Republic of the Philippines



G.R. No. 122728 February 13, 1997



Before us is a petition for mandamus seeking to: a) compel the Ombudsman to dismiss Ombudsman Cases No. MIN-3-90-0671, MIN-90-0132, MIN-90-0133, MIN-90-0138, MIN-90-0188, MIN-90-0189, MIN-90-0190, MIN- 90-0191, and MIN-90-0192; and b) direct the Ombudsman to issue a clearance in favor of petitioner Casiano A. Angchangco.

The facts are as follows:

Prior to his retirement, petitioner served as a deputy sheriff and later as Sheriff IV in the Regional Trial Court of Agusan del Norte and Butuan City.

On August 24, 1989, the Department of Labor and Employment (Region X) rendered a decision ordering the Nasipit Integrated Arrastre and Stevedoring Services Inc. (NIASSI) to pay its workers the sum of P1,281,065.505. The decision having attained finality, a writ of execution was issued directing the Provincial Sheriff of Agusan del Norte or his deputies to satisfy the same. Petitioner, as the assigned sheriff and pursuant to the writ of execution issued, caused the satisfaction of the decision by garnishing NIASSI's daily collections from its various clients.

In an attempt to enjoin the further enforcement of the writ of execution, Atty. Tranquilino O. Calo, Jr., President of NIASSI, filed a complaint for prohibition and damages against petitioner. The regional trial court initially issued a temporary restraining order but later dismissed the case for lack of jurisdiction.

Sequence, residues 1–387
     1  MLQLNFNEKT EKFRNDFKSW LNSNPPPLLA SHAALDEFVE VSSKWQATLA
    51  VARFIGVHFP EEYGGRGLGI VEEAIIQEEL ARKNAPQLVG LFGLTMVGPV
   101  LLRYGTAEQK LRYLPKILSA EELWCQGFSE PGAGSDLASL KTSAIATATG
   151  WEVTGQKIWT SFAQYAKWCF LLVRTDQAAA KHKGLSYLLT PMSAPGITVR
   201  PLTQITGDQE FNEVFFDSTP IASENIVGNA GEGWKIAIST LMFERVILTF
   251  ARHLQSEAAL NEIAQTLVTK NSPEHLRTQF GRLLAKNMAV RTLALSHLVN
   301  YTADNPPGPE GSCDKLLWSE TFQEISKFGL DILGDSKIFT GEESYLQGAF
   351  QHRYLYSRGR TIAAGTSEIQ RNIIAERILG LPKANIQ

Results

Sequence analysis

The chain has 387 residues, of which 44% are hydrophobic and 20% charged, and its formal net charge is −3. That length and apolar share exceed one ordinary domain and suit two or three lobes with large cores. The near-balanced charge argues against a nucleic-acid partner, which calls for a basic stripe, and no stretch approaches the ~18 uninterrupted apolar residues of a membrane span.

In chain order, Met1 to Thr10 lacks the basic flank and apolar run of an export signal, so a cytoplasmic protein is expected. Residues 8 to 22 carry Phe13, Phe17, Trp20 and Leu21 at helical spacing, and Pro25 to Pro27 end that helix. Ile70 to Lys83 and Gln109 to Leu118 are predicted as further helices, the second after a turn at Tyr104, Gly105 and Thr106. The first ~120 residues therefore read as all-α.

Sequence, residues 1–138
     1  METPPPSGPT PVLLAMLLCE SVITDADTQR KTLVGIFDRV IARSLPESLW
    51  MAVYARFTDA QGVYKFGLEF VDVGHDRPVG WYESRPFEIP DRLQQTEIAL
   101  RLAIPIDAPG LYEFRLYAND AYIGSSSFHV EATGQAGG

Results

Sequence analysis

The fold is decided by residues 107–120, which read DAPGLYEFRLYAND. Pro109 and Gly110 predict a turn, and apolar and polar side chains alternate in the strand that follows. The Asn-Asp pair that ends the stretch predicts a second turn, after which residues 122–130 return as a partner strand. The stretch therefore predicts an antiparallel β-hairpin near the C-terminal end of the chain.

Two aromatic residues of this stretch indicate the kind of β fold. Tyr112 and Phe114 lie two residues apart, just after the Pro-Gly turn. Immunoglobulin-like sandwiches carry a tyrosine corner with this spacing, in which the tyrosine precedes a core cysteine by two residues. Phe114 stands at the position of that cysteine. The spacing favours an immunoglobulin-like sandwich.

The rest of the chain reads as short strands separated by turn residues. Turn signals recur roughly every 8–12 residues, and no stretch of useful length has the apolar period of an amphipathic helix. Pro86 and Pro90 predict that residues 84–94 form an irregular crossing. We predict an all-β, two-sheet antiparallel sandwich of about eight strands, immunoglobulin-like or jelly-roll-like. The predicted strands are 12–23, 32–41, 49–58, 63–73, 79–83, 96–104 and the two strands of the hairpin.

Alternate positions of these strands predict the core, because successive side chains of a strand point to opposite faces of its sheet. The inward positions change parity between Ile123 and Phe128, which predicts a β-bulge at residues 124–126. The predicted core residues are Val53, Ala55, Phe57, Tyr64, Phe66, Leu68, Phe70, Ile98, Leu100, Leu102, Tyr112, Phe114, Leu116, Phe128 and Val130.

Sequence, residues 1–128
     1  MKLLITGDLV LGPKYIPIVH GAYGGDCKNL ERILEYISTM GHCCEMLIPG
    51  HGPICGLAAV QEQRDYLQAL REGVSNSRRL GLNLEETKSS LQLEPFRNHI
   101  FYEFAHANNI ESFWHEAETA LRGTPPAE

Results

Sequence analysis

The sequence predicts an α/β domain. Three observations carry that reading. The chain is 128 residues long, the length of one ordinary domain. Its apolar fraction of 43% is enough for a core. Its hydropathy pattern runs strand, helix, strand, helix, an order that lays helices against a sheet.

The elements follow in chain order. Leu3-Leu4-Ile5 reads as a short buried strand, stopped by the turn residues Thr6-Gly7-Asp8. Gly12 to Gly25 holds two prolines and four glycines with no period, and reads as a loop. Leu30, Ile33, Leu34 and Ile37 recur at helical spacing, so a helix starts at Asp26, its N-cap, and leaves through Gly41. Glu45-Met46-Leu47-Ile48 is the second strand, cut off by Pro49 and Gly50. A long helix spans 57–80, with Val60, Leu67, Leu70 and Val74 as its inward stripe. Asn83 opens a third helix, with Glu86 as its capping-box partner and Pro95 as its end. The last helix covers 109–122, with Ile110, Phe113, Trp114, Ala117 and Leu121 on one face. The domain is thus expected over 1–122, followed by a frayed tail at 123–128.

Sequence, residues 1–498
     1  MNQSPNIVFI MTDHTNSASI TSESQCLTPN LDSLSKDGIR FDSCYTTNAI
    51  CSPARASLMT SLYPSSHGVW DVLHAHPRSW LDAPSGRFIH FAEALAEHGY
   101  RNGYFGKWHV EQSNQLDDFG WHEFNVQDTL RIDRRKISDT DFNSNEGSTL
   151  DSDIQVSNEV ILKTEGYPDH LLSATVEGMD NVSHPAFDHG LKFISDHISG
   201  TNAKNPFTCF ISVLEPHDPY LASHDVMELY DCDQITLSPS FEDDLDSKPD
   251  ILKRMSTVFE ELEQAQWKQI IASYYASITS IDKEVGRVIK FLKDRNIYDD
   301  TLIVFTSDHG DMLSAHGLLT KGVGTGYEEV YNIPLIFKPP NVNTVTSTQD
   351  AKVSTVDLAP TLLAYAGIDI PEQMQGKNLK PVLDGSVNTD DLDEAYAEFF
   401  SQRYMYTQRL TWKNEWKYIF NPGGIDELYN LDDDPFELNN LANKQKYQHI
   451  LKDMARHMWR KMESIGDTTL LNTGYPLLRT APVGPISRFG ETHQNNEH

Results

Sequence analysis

In addition to the civil case, Atty. Calo likewise fled before the Office of the Ombudsman a complaint against petitioner for graft, estafa/malversation and misconduct relative to the enforcement of the writ of execution. Acting on the complaint, the Ombudsman, in a Memorandum dated July 31, 1992, recommended its dismissal for lack of merit.

Meanwhile, from June 25 to 28, 1990, several workers of NIASSI filed letters-complaints with the Office of the Ombudsman-Mindanao alleging, among others things, that petitioner illegally deducted an amount equivalent to 25% from their differential pay. The Office of the Ombudsman-Mindanao endorsed to the Court the administrative aspect of the complaints which was docketed hereat as A.M. No. 93-10-385-OMB. The Court in an En Banc Resolution dated November 25, 1993 dismissed the case for lack of interest on the part of complainants to pursue their case.

Although the administrative aspect of the complaints had already been dismissed, the criminal complaints remained pending and unresolved, prompting petitioner to file several omnibus motions for early resolution.

When petitioner retired in September 1994, the criminal complaints still remained unresolved, as a consequence of which petitioner's request for clearance in order that he may qualify to receive his retirement benefits was denied.

With the criminal complaints remaining unresolved for more than 6 years, petitioner filed a motion to dismiss, invoking Tatad vs. Sandiganbayan (G.R.No. 72335-39, March 21, 1988). Sad to say, even this motion to dismiss, however, has not been acted upon.

Hence, the instant petition.